Brute Force Attack
A brute force attack is an attempt to gain access to a system using successive login attempts. It can be performed manually or by using an automated script. In either case, a brute force attack tries different username and password combinations with the hope of discovering a valid login.
While brute force attacks are simplistic by nature, their implementation is often complex. Since most servers will block a user or IP address after multiple failed logins, a hacker may use multiple systems to perform a single brute force attack. Some attacks may use hundreds or even thousands of devices, similar to a distributed denial of service DDoS attack.
While the odds of guessing a correct login via a brute force attack are low, it is still one of the most common ways online accounts are compromised. Using enough attempts, it is theoretically possible to discover any login. However, short and common passwords are the most vulnerable.
How to Protect Against Brute Force Attacks
The two primary ways to protect your online accounts from brute force attacks are to 1) choose strong passwords and 2) use two-factor authentication.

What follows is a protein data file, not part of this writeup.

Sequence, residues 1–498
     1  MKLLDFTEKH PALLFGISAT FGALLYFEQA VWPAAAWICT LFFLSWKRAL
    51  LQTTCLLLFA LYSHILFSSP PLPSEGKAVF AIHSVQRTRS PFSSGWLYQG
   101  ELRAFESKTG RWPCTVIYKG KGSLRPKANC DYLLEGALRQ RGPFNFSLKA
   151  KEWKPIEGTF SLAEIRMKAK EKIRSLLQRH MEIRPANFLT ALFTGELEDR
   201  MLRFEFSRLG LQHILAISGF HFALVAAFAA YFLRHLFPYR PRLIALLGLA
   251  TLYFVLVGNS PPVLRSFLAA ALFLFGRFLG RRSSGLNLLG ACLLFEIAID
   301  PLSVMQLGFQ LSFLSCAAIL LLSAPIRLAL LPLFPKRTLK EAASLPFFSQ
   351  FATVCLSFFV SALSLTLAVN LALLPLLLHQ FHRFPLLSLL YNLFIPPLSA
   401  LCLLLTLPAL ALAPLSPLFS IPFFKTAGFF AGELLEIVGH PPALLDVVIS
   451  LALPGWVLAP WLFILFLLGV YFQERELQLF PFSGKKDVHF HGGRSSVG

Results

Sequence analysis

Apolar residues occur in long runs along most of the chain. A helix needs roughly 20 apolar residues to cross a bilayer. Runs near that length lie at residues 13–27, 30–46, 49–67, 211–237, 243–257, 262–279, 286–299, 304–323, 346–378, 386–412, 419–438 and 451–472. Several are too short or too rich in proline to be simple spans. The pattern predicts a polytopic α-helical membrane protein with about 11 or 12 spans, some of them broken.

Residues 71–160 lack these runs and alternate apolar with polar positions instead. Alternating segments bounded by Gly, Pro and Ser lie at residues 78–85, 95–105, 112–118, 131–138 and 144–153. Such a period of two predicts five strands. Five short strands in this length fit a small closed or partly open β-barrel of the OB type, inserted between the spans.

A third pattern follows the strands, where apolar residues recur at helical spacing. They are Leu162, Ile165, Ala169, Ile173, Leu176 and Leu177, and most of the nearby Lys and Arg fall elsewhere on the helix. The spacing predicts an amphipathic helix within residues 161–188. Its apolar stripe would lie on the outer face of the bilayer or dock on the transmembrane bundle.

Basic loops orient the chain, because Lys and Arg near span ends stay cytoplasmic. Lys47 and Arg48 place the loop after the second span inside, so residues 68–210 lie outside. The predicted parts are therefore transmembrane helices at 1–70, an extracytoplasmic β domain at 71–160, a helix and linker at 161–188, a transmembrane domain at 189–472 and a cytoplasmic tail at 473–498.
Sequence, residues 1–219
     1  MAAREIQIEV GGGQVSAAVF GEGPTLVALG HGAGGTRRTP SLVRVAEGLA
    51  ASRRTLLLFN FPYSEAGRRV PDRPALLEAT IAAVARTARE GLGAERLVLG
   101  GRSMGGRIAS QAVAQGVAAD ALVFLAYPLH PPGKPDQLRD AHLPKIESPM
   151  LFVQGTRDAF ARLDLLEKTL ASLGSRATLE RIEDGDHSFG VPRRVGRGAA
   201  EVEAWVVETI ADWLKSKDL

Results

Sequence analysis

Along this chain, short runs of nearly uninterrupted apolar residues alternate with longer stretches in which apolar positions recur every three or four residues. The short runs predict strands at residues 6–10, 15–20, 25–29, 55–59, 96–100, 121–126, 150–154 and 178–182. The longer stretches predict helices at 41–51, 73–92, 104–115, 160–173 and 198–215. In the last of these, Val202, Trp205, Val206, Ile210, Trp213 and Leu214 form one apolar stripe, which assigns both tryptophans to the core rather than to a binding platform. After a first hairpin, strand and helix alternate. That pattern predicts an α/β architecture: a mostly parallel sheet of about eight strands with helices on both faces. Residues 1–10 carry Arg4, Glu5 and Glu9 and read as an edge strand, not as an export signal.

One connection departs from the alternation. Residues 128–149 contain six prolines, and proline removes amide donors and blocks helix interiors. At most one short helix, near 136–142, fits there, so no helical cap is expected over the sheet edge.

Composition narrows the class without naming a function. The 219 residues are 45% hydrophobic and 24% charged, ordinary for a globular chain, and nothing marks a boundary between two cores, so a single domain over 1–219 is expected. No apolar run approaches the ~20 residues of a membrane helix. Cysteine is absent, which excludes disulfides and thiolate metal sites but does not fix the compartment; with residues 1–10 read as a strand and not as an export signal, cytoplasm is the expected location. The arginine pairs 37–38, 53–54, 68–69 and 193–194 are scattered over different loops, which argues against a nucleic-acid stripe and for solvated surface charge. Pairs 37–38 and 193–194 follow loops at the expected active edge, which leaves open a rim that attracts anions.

1. Choose strong passwords
A fundamental step in securing any online account is to choose a strong password. This means choosing a password that:
- is long – at least eight characters, preferably 12 or more.
- contains special characters – including numbers and symbols, as well as lowercase and uppercase characters.
- is not personally identifiable – using a special date or the name of someone close to you makes it easy for someone to manually hack your account.
2. Use Two-Factor Identification
Some services allow you to enable two-factor authentication, which requires authentication from two devices. For example, you may be asked to enter a username and password on your computer, followed by a code sent via text to the phone number listed in your account. With two-factor authentication, even if a hacker knows your username and password, he or she will not be able to successfully log in to your account.
Updated: June 17, 2019